Another powerful, famous man has been arrested for sexually assaulting someone way down the class/social ladder from him. This time he’s not an athlete, a movie director, or the founder of a major international website dedicated to leaking classified information. This time he’s the head of the International Monetary Fund and the possible future president of France, Dominique Strauss-Kahn, who is accused of trapping an employee at a Midtown Manhattan hotel when she came to clean his room and forcing her to perform oral sex on him. She claims to have escaped after that.
Right now, I have a sensation of the quiet before the storm. The arrest happened over the weekend, out of the usual news cycle, and so the nearly inevitable firestorm hasn’t yet begun of victim-blaming, accusations against the victim for moral degeneracy and lying, feminists angrily denouncing victim-blaming, and calls for a much higher presumption of innocence than is offered for any other crime in the media. But for right now, it hasn’t yet started (and may not), so I’m just going to take a moment to highlight the incredible work of the New York police and the Manhattan Special Victims Unit. The accuser claims to have been raped early on Saturday afternoon, and by 4:30 p.m. on that day, the police had Strauss-Kahn in custody and in a line-up for the victim to pick him out. Speed matters in most criminal cases, but in rape it can be especially important, as detectives need to collect all the evidence before the cycle of victim-blaming and recriminations starts to contaminate the recollections of both the victim and any witnesses. Additionally, the swift arrest heightens the likelihood that the police will find physical evidence on Strauss-Kahn’s body, which they are currently trying to do.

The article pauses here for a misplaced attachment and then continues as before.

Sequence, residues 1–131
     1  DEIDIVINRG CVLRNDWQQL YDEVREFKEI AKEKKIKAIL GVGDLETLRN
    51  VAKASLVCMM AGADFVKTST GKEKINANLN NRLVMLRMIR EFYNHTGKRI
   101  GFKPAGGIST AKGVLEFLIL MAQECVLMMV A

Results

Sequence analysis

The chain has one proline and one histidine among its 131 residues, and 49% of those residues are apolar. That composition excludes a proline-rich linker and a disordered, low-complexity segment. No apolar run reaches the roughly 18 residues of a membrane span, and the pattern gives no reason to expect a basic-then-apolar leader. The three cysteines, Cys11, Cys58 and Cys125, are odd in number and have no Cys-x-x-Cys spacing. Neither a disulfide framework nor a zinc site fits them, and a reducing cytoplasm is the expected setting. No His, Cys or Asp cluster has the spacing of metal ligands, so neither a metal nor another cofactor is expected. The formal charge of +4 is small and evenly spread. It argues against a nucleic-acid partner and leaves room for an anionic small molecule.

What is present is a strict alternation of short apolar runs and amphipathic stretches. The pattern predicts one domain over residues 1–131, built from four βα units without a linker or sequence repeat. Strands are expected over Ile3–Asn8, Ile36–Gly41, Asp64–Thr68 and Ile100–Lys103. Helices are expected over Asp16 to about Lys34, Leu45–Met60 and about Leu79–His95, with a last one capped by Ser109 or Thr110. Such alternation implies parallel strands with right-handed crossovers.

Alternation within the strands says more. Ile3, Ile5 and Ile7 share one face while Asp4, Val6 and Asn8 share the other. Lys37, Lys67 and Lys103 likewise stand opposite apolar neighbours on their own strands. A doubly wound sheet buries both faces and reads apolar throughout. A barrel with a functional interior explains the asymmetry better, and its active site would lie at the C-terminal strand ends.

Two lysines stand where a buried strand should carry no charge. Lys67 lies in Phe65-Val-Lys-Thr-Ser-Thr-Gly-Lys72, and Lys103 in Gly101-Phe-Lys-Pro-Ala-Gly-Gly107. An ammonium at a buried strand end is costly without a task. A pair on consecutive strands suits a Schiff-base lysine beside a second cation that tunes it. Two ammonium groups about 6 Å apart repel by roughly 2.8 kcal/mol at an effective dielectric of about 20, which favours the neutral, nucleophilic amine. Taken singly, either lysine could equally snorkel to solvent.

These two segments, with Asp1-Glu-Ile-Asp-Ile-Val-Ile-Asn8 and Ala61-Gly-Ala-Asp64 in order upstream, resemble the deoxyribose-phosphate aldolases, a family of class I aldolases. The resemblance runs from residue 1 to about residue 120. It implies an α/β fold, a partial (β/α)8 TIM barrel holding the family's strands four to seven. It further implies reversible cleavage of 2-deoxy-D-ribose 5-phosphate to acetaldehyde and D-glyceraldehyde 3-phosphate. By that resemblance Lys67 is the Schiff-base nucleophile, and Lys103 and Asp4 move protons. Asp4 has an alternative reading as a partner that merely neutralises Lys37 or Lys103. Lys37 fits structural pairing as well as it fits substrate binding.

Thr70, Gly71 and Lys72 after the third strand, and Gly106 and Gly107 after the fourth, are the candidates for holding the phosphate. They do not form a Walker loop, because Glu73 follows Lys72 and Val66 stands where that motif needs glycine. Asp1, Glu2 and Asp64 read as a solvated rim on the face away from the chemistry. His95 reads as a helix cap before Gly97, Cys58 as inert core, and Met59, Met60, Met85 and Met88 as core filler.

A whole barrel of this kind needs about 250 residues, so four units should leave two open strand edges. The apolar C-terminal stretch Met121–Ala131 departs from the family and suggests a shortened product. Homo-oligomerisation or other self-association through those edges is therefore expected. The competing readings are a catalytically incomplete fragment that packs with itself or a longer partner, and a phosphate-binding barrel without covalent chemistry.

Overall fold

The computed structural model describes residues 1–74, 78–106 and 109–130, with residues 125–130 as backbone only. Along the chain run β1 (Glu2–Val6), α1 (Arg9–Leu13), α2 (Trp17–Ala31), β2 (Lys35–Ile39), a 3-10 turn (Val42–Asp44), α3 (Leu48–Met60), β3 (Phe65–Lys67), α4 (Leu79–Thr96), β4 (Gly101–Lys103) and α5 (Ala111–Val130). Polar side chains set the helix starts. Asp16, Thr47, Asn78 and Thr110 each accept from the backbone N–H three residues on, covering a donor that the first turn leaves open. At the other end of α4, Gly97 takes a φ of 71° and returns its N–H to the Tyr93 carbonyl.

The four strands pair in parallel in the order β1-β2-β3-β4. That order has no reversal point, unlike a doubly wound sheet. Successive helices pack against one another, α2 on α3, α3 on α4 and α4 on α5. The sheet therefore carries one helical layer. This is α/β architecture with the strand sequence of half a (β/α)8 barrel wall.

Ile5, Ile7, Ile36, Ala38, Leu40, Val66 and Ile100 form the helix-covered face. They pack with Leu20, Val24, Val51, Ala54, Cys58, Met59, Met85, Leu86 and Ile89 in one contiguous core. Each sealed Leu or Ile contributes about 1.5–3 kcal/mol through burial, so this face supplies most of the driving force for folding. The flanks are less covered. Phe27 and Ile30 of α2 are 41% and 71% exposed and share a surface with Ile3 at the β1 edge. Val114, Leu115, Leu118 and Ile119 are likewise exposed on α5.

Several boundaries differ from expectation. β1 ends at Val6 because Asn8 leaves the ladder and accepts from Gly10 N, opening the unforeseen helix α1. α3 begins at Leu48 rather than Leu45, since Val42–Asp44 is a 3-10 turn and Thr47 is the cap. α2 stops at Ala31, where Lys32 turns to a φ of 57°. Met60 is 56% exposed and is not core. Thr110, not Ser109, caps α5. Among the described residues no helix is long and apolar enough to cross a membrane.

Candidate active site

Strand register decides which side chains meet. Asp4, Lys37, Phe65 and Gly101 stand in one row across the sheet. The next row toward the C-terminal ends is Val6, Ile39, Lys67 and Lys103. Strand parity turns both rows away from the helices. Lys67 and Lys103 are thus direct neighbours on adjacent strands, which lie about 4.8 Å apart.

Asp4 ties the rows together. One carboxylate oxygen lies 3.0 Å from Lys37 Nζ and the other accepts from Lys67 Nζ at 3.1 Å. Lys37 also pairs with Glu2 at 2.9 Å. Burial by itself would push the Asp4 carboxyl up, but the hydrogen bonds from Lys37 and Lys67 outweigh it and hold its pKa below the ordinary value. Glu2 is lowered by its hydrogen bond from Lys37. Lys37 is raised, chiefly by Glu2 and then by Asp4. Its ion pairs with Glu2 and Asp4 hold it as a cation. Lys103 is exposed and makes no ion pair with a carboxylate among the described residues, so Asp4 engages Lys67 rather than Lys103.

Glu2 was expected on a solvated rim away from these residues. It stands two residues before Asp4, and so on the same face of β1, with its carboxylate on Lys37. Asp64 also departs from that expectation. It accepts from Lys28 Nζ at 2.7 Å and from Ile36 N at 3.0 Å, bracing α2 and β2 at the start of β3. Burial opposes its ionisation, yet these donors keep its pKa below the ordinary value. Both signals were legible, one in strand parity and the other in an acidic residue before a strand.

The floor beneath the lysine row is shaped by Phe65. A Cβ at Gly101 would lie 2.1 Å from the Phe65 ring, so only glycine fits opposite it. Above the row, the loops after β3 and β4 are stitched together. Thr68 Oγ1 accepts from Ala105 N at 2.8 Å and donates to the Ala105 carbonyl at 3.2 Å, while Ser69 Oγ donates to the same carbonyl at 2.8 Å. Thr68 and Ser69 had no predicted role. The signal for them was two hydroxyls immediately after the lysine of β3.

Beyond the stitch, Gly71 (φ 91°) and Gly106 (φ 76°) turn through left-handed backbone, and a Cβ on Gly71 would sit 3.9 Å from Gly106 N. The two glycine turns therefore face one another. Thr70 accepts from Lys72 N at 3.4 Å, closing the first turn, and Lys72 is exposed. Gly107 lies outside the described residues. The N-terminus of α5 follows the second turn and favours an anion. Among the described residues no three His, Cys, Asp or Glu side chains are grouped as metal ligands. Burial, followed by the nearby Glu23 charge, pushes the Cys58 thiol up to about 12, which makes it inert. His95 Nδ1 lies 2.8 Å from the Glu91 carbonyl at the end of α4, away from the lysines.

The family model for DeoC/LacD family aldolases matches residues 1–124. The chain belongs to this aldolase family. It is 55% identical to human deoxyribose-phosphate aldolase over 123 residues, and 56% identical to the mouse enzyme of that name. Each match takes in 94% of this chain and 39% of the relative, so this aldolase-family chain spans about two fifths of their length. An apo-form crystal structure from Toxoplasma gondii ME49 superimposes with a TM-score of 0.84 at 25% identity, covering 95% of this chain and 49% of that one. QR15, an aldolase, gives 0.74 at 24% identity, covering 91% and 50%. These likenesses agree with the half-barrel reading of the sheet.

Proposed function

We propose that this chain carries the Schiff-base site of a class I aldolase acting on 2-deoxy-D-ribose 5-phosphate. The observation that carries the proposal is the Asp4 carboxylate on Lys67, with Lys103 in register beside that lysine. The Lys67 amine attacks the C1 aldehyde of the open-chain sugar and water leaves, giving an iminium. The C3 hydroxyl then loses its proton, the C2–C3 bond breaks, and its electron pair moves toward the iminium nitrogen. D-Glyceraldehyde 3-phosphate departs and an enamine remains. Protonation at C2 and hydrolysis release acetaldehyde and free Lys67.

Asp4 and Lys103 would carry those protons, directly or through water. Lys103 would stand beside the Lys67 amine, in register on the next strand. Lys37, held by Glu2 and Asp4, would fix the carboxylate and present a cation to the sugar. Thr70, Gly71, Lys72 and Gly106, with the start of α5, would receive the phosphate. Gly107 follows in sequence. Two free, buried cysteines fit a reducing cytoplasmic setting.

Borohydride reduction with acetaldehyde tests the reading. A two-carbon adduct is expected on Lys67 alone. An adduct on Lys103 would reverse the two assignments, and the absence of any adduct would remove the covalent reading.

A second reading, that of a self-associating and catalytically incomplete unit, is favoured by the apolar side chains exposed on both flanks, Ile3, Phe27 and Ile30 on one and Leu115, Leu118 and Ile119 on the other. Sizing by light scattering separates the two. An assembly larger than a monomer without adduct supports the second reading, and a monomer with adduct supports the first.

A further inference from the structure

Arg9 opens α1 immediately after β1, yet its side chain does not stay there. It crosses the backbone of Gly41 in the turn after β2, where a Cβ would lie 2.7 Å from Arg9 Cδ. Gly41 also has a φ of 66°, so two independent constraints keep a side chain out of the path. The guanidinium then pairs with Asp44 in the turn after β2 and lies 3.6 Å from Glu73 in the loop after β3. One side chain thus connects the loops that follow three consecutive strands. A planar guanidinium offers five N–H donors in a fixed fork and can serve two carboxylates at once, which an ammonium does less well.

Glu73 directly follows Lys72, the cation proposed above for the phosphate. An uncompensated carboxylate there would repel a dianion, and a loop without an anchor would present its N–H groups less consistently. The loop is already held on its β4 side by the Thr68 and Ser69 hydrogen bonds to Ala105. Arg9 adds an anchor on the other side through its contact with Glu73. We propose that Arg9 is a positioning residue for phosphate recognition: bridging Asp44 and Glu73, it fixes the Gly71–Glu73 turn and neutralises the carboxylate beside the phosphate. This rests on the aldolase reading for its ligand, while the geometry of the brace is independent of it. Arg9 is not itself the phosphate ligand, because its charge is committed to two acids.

Consider for a moment the vast gulf between the social stations of the accused and the accuser in this case. The accuser is a 32-year-old African immigrant who lives in the Bronx with her teenage daughter and works as a hotel maid. The accused is one of the most powerful men in the world and was staying in a hotel that charges more per night than a hotel maid in New York probably makes in a month. Despite this, the police took her accusations seriously and were able to apprehend Strauss-Kahn before he boarded a plane and got out of the city, even though the man who drove Strauss-Kahn to the airport told the New York Times that he was in a hot hurry to get out of the country. True, they were only able to pull off the arrest because the accused believed he left a cell phone behind at the hotel (more evidence he was in a hurry?), but that they were at the scene quickly enough to nab him demonstrates the seriousness with which they took the charge. I won’t be holding my breath that Strauss-Kahn’s tremendous advantages over his victim won’t permanently contaminate this case, making it nearly impossible to get to the bottom of it. But I want to take a moment to be glad that the cops got it right in this case and didn’t dilly-dally because of disinterest in protecting New York residents, no matter where they fall on the class ladder.